RUSSIAN EARTH AND TEXAN TURF

Rick’s Journal     –     MY FILM CAREER

PERSONAL REFLECTIONS ON THE RECENTLY VIEWED

Earth           Alexander Dovzhenko          1930

Dovzhenko

Dovzhenko

The waving grain of Russia’s fields is lyrical and hypnotic.  Dovzhenko’s tense, emotion-laden skies.  The strength in peasant faces, young and old in between.  The peacefulness of natural death and the joyful taste of pears moments before.  Long takes of hanging fruit  —  and my own recollection of my film history prof’s response to a student laughing at them:  “To each culture its own choice of fruitful globes to emphasize and display.”

The delightful sequence when the new tractor is found to have no water in the radiator and the farmers in their intimate way supply it by  — as the subtitles have it  —  letting fly.

All this beauty and humor and the face of the great Semyon Svashenko asVasili  —  not to mention his moonlight dance (see Rick’s Flicks June 6, 2016).  SPOILER ALERT:  Some surprising sexuality in a Russian silent:  Basil’s intended makes nakedly clear one aspect of the dead Vasili she will miss.

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Giant          George Stevens          1956

The size of Texas  —  the expanse of landscape  —  sandy, dusty distance  —  all captured NOT by screen size but by directorial sensitivity and camera placement.  Novelist Edna Ferber spent three weeks in Texas and nailed Texans.  Stevens and his photographers nail the land in which Texans live.

Director and stars

Director and stars

Contemporary critics were hard on Stevens’ choice of leads.  The critics were wrong.  Sixty years after, the performances of Rock Hudson and Elizabeth Taylor hold up remarkable well, and they speak each other and play off each other like they married couple they are.  They work skillfully with as much psychological profundity as Hollywood scripts of the era allowed.  Hudson is particularly good in a long part in which he ages convincingly.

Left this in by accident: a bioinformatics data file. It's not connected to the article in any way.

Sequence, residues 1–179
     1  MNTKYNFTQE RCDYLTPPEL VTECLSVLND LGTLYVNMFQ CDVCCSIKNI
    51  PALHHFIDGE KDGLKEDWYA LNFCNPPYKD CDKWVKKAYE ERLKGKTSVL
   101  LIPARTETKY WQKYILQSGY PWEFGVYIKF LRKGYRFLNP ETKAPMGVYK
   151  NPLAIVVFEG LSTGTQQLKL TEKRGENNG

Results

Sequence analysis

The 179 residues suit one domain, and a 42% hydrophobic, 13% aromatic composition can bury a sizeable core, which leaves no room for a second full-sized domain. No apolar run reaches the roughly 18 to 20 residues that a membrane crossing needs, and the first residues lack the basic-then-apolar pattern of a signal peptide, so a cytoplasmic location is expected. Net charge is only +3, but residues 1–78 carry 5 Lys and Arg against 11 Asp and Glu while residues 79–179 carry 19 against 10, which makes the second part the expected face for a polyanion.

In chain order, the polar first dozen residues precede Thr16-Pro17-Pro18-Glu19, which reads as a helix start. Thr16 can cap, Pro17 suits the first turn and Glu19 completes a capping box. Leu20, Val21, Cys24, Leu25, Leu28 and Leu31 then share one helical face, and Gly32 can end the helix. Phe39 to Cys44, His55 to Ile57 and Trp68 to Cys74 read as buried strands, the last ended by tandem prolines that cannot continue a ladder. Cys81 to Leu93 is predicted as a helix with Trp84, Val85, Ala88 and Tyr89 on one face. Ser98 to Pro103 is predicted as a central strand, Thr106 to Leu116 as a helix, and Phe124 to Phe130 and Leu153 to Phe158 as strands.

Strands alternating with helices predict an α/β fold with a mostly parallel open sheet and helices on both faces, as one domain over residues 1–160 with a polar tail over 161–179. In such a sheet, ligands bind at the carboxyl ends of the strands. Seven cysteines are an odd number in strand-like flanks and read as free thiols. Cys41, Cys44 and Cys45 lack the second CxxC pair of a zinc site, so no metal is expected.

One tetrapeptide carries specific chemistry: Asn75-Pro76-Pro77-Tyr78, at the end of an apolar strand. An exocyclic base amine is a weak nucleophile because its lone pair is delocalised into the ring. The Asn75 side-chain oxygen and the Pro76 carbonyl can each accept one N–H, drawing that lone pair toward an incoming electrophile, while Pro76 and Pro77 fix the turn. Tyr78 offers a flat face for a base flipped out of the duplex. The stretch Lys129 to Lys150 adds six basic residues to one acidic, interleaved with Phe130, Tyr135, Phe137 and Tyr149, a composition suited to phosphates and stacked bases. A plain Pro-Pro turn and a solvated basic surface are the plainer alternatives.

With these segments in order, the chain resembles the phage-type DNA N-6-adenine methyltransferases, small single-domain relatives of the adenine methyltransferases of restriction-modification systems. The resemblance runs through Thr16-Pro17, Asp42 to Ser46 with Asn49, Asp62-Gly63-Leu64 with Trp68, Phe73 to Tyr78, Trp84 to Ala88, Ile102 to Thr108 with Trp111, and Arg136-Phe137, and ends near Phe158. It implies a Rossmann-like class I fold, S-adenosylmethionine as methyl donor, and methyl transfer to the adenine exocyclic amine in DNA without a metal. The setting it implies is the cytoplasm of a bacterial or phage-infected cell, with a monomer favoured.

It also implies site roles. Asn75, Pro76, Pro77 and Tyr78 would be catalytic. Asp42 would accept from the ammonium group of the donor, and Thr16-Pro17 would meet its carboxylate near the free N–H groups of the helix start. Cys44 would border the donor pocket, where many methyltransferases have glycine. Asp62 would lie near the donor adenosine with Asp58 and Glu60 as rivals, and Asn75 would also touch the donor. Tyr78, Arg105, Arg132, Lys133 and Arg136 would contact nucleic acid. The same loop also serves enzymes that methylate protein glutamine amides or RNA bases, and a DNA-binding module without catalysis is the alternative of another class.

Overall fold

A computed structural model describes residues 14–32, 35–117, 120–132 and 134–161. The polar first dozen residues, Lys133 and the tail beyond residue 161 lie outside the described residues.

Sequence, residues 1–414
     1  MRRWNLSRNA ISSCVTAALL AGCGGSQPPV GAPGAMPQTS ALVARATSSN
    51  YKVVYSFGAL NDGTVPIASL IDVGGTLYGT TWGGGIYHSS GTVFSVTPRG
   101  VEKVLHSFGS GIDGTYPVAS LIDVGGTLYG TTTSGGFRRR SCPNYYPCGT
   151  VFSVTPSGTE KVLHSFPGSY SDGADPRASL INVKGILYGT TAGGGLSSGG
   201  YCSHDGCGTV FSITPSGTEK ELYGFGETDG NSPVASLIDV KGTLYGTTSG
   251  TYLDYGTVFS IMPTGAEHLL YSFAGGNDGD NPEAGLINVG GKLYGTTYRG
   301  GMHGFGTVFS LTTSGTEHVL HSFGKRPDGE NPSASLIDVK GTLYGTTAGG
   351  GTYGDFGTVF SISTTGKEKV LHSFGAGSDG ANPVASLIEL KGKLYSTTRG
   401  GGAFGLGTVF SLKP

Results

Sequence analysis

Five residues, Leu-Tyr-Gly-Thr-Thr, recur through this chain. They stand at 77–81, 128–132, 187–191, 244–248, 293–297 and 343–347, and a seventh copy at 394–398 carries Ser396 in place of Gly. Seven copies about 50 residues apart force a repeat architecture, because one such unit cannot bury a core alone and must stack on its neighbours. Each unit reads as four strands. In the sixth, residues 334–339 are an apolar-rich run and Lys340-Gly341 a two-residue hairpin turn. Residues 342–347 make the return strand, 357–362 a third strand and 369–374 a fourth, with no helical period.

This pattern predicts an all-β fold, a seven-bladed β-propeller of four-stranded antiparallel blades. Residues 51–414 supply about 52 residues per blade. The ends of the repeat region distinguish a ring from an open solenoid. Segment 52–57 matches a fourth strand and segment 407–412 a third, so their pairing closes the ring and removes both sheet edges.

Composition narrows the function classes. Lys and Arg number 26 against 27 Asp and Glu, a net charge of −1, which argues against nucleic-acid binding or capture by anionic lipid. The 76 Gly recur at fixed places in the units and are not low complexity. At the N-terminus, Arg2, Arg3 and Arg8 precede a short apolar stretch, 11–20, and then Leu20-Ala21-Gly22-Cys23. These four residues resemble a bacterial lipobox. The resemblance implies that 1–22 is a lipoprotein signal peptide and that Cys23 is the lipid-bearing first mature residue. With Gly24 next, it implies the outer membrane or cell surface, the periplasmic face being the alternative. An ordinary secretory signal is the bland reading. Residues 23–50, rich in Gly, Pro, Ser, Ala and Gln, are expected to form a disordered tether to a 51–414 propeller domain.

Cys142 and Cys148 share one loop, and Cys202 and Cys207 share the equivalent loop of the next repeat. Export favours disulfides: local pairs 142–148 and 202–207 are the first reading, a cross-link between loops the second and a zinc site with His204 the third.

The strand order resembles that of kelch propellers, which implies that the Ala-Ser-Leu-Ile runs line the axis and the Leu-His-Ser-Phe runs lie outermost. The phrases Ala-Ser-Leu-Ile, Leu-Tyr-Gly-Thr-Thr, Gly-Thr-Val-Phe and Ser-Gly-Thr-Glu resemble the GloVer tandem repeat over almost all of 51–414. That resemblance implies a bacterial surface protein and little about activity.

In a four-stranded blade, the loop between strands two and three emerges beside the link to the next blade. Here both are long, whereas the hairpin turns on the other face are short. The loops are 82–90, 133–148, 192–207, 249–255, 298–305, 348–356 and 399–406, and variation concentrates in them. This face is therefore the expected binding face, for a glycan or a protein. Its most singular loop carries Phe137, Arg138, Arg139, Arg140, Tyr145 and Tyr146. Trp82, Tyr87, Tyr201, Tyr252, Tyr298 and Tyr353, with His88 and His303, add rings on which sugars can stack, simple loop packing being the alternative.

Hudson, knight without a horse but with armor shining

Hudson, knight without a horse but with armor shining

This time around I found James Dean’s older Jett Rink more believable than in earlier viewings.  He was an actor in his mid-twenties at the time of this performance and acquits himself well.

A young, wanting-to-act, healthy looking Dennis Hopper is especially engaging.  A youthful Carroll Baker, “presented” in the credits, is already marvelously sexy and also moving in her part.  Jane Withers is very fine.

Interestingly Stevens repeats the funeral from Shane, including the bored child.

There is a lot of Giant, three hours and seventeen minutes of it.  It is almost all enthralling.

NEXT FRIDAY POST September 9
Look for “Seeing and Hearing George Stevens discuss his Giant.”

Until then,
See you at the movies,
Rick

THE MOONLIGHT DANCE

As Vasili in Dovzhenko’s EARTH (1930) Semyon Svashenko secured his niche in film history  —  secured the niche he had established the year before in the same director’s ARSENAL (1929) in which he played Timosh the Ukrainian (Svashenko was Unkrainian as was director Dovzhenko).  Today’s writing on film (and on just about everything else under the sun) ridiculously overuses the word iconic; but it is the word that suits the photograph on this page from ARSENAL, one of the most internationally recognizable stills from the silent era and a memorial of a stirring performance.

But Svashenko’s portrayal in the lyrical EARTH is in and from another dimension, and no one who has seen him dance down the road in the moonlight is likely to forget him.

Semyon Svashenko was still acting in 1957 and receives a credit in AND QUIET FLOWS THE DON (directed by Sergey Gerasimov).    And he has a role, though not the lead, in BALLAD OF A SOLDIER ( directed by Grigoriy Chukhray, 1959), a popular film in the United States at the time of the Cold War thaw and Russian-American cultural exchange.  And  he was billed as Old Ukrainian in the 1966 Russian WAR AND PEACE (directed by Sergey Bondarchuck).

He died in 1969.

the great Svashenko

the great Svashenko

ARSENAL is available from Kino Lorber in a beautiful digital remastering by David Shepard.  Kino also offers EARTH, not a remastering  but an acceptable print.

NEXT FRIDAY POST July 8

Until then,
See you at the movies,
Rick